09 September 2013

Transparent skull implant for easier, cheaper laser-based brain scanning

Only a short-sighted curmudgeon could deny that optical technologies are set to revolutionize therapeutic brain stimulation and monitoring. Insofar as the retina is part of the brain, it already has. A little-known technique known as optical computed tomography (OCT) makes use of some fancy interferometric techniques to create high-resolution scans of retinal structure, in particular, when imaging in the depth, or “Z” plane. A group from the University of California at Riverside has recently proved themselves as international thought leaders in the field by extending this technique to optically image the brain through the skull.

With a single paper, published in the access-challenged journal Nanomedicine: Nanotechnology, Biology and Medicine, they have made what amounts to the most important fashion statement of the year. To paraphrase their central tentant, “Windows to the brain are cool.” In fact, the authors introduce the short form, “WttB,” as a descriptor for their new technology. As fascinating as OCT may be, this new research is not really about Mach-Zhender fiber optic scan heads, its about a new zirconia-based material they developed — nanocrystalline yttria-stabilized zirconia (ncYSZ).
By recasting ordinarily opaque, but biocompatible, dental cement into a formulation with a nano-sized crystal structure, the researchers were able to create a transparent new wonder material. They then implanted a small window made from ncYZS into the skull of a mouse, and created an OCT image of part of its brain. While the research is not often glamorized, “breaking the skull barrier” is a significant technical challenge for realizing technologies like optogenetics, or other possible incarnations of light-based stimulation and imaging devices. Various skull-thinning methods combined with glass-based implants have been used in the lab to image through the skull, but these methods would expose a human to significant mechanical risk in the course of daily activity.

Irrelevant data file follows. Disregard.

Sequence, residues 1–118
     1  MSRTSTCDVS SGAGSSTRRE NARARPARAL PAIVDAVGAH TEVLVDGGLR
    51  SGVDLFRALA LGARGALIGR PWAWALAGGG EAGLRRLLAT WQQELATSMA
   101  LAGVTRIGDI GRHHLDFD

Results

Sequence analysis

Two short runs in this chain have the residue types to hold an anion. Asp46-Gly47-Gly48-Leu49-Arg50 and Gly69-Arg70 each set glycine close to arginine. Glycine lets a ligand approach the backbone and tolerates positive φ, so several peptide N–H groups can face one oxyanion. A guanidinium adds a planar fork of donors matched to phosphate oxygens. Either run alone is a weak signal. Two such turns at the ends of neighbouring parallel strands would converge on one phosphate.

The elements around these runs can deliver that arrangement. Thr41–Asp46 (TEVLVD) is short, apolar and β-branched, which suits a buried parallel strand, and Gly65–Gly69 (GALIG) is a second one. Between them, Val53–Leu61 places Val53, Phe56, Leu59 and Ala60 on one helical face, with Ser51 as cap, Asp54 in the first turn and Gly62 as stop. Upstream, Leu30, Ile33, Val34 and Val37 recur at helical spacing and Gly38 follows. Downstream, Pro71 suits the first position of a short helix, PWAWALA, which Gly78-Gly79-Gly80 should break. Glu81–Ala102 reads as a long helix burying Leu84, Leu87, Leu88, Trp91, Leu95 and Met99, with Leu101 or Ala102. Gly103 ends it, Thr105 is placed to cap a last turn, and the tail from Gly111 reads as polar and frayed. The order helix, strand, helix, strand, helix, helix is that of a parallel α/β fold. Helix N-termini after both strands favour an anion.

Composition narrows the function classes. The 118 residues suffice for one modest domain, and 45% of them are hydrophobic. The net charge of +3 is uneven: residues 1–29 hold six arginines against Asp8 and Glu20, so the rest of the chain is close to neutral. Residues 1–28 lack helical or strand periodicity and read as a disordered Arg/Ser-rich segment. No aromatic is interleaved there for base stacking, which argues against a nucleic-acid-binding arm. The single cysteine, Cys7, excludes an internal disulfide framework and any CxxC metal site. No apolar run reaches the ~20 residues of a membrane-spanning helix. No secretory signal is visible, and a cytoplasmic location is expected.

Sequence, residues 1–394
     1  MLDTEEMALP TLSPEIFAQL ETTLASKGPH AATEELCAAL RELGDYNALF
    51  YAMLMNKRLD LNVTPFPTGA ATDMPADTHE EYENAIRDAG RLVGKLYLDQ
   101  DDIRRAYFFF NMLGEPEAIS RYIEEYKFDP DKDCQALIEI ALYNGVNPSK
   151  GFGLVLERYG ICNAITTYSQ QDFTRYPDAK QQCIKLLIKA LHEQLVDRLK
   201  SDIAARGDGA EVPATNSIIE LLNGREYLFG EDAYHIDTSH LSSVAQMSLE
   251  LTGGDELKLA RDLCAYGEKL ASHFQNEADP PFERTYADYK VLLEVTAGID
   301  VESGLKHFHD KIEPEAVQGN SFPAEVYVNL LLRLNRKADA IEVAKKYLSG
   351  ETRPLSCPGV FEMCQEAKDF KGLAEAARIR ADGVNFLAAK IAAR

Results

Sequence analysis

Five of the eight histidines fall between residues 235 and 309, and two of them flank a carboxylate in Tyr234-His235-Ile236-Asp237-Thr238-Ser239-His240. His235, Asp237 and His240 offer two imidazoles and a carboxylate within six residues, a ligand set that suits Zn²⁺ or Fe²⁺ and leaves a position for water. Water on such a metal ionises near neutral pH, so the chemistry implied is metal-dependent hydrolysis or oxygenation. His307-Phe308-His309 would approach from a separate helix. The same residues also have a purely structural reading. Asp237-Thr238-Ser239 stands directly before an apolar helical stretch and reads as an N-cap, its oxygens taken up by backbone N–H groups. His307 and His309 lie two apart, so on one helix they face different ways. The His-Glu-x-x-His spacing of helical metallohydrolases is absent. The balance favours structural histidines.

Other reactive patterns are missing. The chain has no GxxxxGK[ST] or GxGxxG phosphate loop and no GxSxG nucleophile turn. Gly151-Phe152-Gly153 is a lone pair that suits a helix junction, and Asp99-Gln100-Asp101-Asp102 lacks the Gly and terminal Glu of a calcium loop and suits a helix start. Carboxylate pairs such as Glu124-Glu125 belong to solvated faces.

While the low fracture toughness of typical glasses (KIC = 0.7 – 0.9 MPa·m1/2) would present a clear problem for spearhead NFL tackles far greater then the expected concussion, that of ncYSZ (KIC ~ 8 MPa·m1/2) might compare favorably with any polymer helmet. As alluded to above, the real power in what these researchers now propose is not just that the rapidly maturing field of laser-based diagnostics and therapeutics might soon be made available to the infirm, but that it could potentially at some time be available in acceptable form to the masses.

The researchers call the device a “calvarium prosthesis” in their title — calvarium meaning simply, skull. We have previous discussed the virtues of 3D-printed skulls, and have also noted that transparency need not always mean it has to be invisible. We are not necessarily saying society is ready for everyone to go all barreleye right now (see video above), but wish to note that a more discrete version of a cranial WttB might balance with the merits of the occasional cerebral check or tune-up.

The researchers note that the advantages of their new skull option would extend to chronic monitoring of cerebral edema or swelling, and for more precise targeting of therapies for residual gliomas. I asked Guillermo Aguilar, one of the authors on the study, about other biocompatible material possibilities. Sapphire, while costly to secure, form, and machine, has some fantastic physical specs which could come in handy. It has high transparency across a wide range of wavelengths and finds use in many exotic applications like X-ray windows. He said simply that in mass production scale, this ncYSZ would be even cheaper than the titanium implants that are currently used as skull replacements. When it comes to bringing new technologies to the table on a scale where they can be fully vetted for widespread, and possibly elective use, perhaps affordability is the most important driver.

Now Read: MIT creates glucose fuel cell to power implanted brain-computer interfaces

Research paper: dx.doi.org/10.1016/j.nano.2013.08.002 – “Transparent Nanocrystalline Yttria-Stabilized-Zirconia Calvarium Prosthesis”


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